Rheumatol Int. 2010 Jul;30(9):1183-9
Authors: Xu S, Lu H, Lin J, Chen Z, Jiang D
Arachidonic acid metabolites, such as leukotriene B4 (LTB4), are known to play an important role in pathogenesis of rheumatoid arthritis (RA). Apart from leukocytes, RA synovial fibroblasts (RASF) produce a broad array of inflammatory mediators to recruit, retain and activate immune cells and resident mesenchymal cells in the joints to promote ongoing inflammation and tissue destruction. To determine how LTB4 may contribute to this process, RASF was cultured from synovial tissues collected from RA patients undergoing total knee replacement. The level of LTB4 in culture medium was determined using ELISA, and expression of LTB4 receptors (BLT1 and BLT2) by RT-PCR. In the presence of exogenous LTB4, mRNA and protein levels of tumor necrosis factor-alpha (TNFalpha) and interleukin 1beta (IL1beta) were determined by real-time PCR and ELISA. Furthermore, we examined the effects of leukotrienes synthesis inhibitors, MK886 and bestatin, on mRNA and protein levels of TNFalpha and IL1beta in RASF. We found that LTB4 was present at a low concentration in the culture medium of RASF, and the major LTB4 receptor expressed in RASF was BLT2. LTB4 synthesis was activated by treatment with LIT (LPS, ionomycin and thapsogargin), and suppressed by MK886 and bestatin. Exogenous LTB4 remarkably increased the expression of TNFalpha and IL1beta at both the mRNA level and the protein level. In contrast, MK886 and bestatin significantly inhibited their expression. These data suggested that LTB4 contributed to RA by regulating the expression of TNFalpha and IL1beta in RASF. BLT2 was probably the major receptor mediating such effects.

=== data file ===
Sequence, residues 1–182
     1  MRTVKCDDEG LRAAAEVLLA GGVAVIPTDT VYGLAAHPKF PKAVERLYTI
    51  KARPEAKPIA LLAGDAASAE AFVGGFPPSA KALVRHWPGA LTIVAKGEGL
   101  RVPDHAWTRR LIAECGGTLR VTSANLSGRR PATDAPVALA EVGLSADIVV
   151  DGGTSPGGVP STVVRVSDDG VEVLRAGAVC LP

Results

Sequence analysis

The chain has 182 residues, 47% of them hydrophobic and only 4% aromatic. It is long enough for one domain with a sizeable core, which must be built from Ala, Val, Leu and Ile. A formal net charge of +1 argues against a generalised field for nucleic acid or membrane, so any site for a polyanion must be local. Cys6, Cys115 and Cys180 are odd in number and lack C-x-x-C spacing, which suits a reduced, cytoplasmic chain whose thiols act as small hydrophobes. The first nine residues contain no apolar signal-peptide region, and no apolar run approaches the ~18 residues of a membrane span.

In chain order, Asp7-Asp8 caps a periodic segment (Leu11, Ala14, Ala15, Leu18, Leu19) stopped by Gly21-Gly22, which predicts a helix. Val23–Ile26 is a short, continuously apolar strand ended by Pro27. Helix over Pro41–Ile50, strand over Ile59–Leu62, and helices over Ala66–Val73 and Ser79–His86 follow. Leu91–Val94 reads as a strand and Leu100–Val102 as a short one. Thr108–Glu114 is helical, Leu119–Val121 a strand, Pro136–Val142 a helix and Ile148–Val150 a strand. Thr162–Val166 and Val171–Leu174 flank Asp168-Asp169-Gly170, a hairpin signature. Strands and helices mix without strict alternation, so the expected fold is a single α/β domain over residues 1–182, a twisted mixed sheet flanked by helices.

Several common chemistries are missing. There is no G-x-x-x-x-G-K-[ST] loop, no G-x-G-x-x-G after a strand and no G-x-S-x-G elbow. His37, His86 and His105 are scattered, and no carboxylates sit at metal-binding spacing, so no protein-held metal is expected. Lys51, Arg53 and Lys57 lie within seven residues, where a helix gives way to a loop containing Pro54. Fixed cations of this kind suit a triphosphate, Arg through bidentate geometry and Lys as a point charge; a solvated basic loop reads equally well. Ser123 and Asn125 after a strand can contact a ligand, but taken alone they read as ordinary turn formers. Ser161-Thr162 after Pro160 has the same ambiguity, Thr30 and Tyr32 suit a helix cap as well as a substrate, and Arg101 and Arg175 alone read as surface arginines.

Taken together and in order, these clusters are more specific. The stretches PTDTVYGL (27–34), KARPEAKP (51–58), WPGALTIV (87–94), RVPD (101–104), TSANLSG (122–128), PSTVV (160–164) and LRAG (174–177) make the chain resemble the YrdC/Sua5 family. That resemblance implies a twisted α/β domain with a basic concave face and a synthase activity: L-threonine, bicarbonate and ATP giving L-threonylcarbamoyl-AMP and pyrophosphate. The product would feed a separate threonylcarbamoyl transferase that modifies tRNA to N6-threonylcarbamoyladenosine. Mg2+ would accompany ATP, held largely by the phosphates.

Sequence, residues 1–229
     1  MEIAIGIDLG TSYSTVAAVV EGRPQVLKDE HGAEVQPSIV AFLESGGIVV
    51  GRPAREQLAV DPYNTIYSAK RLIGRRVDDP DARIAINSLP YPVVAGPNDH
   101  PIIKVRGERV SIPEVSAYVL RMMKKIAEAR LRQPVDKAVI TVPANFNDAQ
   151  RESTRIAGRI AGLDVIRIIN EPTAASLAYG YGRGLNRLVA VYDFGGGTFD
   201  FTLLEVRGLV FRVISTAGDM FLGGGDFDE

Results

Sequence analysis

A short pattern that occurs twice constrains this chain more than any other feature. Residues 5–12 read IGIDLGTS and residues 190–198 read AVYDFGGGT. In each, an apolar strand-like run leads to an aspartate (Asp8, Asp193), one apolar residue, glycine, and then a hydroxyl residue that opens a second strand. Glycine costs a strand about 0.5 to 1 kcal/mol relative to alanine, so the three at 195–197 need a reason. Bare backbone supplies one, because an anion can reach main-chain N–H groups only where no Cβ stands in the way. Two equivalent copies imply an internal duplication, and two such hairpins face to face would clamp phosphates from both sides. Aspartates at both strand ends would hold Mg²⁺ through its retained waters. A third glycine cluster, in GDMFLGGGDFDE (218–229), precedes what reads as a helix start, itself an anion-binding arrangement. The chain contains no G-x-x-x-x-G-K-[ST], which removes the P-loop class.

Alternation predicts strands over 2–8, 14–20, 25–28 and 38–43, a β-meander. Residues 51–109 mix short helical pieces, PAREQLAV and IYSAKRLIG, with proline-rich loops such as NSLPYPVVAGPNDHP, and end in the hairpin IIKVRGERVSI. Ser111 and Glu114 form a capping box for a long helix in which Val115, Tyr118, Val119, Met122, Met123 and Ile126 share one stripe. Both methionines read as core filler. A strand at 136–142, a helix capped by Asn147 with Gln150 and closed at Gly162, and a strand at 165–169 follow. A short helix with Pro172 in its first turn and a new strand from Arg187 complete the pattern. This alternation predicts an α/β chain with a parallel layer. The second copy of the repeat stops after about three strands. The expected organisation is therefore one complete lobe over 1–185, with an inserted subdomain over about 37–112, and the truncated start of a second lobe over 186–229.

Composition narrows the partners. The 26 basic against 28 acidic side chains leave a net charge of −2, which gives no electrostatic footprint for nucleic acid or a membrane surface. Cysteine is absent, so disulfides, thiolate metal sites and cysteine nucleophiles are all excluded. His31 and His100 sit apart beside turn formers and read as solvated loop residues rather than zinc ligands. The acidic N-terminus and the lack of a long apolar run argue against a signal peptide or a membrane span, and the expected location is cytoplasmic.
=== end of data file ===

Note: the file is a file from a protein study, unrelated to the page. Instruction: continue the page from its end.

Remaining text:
PMID: 19809821 [PubMed – indexed for MEDLINE]